Infinity Ward was not alone in referencing Floyd’s death and the ensuing protests in their online game experience. NBA 2K20, took down its servers for two hours and sent “Black Lives Matter” and “I Can’t Breathe” shirts to its players. Rockstar Games, publisher of “Red Dead Redemption II” and “Grand Theft Auto V,” also suspended online play for two hours last week.
But “Red Dead Redemption II,” a game set in a fictionalized version of the American south, Midwest and west at the end of the 19th century that was previously cited for the racist practices of some users, also generated an uproar this week. Using non-publisher supported modifications, some players introduced characters dressed as KKK members into the online version of the game. Additionally, online players using racist usernames were observed forming posses and sending racist messages, that appeared to come from Rockstar Games, to other players.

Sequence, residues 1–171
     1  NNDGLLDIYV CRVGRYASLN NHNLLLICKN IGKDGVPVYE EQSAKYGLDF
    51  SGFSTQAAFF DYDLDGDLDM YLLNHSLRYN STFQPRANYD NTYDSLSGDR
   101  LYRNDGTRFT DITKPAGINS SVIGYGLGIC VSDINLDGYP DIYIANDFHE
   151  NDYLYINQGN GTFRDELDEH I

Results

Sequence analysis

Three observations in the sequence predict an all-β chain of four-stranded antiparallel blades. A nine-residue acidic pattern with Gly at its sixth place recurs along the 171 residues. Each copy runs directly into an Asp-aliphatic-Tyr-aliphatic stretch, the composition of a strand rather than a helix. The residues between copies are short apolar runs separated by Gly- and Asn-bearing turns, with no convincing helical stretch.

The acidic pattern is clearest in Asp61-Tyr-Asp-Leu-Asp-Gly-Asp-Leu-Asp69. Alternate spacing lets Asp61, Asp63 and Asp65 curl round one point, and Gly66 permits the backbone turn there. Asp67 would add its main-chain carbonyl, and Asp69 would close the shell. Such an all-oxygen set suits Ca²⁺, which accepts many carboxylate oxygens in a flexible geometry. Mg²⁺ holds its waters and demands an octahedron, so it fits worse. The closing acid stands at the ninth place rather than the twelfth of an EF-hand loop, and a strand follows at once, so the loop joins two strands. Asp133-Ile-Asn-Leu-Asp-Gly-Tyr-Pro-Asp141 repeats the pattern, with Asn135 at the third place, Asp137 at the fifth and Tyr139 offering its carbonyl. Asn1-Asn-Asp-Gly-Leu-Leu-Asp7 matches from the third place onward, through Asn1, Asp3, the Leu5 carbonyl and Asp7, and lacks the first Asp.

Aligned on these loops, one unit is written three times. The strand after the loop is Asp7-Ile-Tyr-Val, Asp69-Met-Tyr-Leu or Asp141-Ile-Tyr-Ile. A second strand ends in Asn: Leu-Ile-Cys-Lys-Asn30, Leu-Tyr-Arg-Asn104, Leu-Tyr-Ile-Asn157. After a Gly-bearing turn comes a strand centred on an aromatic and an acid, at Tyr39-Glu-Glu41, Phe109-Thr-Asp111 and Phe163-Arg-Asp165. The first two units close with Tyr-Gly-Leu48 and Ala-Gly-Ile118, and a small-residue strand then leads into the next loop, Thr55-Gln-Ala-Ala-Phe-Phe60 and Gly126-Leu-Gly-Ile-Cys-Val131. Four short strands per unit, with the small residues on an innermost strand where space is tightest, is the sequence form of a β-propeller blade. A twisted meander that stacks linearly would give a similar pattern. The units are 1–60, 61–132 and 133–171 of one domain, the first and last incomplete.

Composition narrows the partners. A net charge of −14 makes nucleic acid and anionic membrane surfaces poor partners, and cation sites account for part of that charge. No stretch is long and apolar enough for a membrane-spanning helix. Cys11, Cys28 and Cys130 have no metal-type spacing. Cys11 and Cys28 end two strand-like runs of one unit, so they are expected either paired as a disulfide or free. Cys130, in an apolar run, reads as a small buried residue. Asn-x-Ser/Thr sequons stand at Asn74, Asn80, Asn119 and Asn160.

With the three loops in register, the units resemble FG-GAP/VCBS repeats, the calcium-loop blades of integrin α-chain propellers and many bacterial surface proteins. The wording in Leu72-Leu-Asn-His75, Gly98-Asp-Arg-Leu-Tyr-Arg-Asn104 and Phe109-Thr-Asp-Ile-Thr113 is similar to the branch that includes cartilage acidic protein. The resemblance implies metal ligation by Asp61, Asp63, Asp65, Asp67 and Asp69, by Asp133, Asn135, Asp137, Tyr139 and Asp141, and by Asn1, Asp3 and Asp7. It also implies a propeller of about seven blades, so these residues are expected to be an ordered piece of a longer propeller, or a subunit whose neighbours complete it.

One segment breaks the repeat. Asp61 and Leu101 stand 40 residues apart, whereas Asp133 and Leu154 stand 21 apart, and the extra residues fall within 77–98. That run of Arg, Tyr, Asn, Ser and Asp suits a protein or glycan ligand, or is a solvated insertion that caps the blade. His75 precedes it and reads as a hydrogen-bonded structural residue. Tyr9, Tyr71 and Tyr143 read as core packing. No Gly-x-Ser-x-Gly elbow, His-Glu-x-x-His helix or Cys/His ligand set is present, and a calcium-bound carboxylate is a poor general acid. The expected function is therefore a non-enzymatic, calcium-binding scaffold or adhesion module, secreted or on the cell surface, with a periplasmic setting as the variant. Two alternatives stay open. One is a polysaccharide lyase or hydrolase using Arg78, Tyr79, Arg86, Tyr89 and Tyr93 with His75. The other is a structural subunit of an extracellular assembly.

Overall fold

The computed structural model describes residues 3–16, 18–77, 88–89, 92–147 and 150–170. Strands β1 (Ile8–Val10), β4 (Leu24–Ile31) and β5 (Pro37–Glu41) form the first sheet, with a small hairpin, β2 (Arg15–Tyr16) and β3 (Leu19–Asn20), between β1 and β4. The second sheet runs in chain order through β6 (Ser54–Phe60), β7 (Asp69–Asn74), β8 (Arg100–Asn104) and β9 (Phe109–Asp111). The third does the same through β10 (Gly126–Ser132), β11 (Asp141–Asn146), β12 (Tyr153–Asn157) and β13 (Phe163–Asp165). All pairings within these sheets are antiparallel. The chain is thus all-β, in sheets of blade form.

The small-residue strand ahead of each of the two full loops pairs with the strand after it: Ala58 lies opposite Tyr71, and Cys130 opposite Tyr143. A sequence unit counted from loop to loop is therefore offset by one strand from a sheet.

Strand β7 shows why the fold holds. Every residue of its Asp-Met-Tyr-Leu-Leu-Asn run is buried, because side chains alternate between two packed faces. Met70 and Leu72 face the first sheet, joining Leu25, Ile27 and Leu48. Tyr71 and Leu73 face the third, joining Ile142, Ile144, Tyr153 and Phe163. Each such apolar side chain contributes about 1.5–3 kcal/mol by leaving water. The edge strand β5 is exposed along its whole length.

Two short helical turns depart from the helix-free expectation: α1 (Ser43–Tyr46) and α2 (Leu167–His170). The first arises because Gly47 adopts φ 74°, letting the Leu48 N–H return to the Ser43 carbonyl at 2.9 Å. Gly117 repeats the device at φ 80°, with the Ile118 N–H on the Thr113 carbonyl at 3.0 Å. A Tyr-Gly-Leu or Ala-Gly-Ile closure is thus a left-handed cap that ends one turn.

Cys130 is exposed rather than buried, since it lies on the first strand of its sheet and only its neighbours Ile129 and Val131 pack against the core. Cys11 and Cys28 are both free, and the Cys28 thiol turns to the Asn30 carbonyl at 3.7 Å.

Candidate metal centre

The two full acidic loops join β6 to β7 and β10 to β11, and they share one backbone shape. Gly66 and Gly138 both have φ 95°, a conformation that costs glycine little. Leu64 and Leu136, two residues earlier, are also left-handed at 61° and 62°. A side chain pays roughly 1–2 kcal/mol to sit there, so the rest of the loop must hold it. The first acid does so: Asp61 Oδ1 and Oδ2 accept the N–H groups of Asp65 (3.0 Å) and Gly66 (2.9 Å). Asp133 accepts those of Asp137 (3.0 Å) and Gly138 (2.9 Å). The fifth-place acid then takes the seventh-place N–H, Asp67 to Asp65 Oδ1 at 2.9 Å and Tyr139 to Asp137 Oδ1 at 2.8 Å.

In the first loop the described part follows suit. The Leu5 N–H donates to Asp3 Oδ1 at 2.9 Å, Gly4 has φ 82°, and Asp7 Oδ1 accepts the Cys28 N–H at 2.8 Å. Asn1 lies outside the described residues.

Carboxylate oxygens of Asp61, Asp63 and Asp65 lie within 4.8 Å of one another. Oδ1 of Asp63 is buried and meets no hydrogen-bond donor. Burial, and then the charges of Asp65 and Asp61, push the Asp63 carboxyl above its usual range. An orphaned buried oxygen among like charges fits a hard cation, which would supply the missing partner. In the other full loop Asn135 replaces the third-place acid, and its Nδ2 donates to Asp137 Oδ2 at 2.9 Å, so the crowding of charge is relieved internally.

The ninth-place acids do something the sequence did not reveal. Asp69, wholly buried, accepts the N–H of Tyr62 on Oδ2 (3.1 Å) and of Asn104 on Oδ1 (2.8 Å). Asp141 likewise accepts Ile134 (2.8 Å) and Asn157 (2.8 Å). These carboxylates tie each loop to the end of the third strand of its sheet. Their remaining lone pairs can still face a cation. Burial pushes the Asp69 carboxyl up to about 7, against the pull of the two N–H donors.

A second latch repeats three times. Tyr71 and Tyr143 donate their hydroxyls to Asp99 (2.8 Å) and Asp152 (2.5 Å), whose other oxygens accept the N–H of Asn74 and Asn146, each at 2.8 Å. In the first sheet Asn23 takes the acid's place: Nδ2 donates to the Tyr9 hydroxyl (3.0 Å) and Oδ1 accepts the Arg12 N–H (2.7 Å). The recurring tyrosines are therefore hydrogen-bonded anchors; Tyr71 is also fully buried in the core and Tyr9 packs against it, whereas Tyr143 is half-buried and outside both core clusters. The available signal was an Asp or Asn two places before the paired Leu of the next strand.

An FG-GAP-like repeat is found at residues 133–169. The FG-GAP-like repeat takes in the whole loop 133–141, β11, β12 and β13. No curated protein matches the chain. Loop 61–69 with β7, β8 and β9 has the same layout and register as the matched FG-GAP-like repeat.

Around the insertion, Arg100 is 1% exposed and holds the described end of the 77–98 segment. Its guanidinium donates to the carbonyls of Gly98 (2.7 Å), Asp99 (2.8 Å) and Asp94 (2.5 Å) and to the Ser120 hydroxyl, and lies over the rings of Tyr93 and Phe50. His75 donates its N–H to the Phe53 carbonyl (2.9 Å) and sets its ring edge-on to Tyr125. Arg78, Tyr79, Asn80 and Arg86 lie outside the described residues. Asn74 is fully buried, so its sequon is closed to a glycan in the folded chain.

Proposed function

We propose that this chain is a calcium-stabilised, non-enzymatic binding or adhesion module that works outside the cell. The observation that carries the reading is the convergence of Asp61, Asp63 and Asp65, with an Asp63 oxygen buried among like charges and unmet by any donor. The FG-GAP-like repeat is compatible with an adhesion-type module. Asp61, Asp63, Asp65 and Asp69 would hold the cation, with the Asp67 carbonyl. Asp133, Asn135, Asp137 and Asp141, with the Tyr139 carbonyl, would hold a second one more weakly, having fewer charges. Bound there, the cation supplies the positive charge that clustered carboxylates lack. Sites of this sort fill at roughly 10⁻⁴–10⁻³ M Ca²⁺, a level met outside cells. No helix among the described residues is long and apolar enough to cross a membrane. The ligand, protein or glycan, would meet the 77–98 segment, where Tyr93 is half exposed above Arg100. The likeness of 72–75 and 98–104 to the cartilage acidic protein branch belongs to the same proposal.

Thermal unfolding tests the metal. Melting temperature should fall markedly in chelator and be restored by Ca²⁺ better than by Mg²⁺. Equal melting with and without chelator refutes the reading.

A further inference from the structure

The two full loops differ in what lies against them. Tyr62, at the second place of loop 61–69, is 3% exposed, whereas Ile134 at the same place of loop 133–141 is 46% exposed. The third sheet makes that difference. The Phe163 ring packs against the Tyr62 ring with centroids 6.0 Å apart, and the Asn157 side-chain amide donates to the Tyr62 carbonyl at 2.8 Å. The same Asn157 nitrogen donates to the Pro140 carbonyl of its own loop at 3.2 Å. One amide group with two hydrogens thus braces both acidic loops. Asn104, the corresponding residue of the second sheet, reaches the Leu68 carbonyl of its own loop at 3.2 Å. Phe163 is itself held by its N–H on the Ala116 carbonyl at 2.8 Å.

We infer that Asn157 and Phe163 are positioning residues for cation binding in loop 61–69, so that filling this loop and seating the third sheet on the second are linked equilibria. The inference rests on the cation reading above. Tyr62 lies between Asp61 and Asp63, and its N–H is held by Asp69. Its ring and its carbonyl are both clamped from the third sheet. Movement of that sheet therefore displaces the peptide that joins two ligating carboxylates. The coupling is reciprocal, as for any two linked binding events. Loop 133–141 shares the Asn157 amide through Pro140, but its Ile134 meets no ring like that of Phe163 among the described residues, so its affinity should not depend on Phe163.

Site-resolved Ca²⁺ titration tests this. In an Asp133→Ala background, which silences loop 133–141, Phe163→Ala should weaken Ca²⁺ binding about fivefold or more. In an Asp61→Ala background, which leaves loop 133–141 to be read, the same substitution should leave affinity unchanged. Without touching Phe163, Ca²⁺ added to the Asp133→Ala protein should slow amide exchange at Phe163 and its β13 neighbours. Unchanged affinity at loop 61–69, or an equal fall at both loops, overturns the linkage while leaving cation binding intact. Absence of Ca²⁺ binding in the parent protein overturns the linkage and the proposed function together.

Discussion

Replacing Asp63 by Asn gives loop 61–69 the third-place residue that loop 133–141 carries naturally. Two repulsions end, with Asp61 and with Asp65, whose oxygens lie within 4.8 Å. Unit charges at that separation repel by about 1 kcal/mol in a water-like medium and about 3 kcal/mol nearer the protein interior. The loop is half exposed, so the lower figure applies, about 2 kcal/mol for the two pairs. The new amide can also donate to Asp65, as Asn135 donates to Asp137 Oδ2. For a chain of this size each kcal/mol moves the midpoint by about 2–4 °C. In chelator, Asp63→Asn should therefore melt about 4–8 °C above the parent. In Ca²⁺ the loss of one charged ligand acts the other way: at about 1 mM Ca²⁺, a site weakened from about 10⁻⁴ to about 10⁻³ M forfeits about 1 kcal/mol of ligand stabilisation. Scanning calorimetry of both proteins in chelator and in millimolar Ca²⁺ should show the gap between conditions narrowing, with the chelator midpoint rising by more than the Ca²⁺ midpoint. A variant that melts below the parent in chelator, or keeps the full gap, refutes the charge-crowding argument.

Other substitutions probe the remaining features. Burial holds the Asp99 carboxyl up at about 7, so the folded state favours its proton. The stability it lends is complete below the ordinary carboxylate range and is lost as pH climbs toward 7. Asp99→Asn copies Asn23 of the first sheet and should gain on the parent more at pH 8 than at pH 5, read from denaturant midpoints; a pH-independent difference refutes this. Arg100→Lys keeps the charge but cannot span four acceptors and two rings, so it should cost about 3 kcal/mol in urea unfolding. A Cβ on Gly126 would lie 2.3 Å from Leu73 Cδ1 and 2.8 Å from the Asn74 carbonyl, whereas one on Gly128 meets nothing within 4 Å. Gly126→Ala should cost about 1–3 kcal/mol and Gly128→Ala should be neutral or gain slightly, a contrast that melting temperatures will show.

I wouldn't normally share this, but we're seeing more & more posts about it on reddit & Discord— Red Dead Online Community (@RedDeadRDC) June 13, 2020
Will @RockstarGames ever do anything about modders abusing the "Rockstar Message" text in Red Dead Online & spawning klan npcs?
Give us crew/friend only sessions. Stop enabling this pic.twitter.com/WXsRihsrqV
On Tuesday, Rockstar announced they had implemented a fix to prevent modders from bringing the KKK characters into the game and were working on a fix for the messaging system.
“We are aware of a few individuals that used cheat tools to generate racist character models and messages in the PC version of Red Dead Online,” Rockstar Games said in a statement to The Post. “We take these actions very seriously and, as per our policy, any form of racist and abusive behavior in-game will not be tolerated and any players found to be in violation of these policies will be banned.”
While such behavior is still relatively rare compared to the total hours players spend online worldwide, racist incidents are not uncommon, according to players across multiple game titles.
Twenty-two year-old Call of Duty streamer Phil “P2istheName” Enewally, who is black, laughed when asked if he had encountered racism while playing online.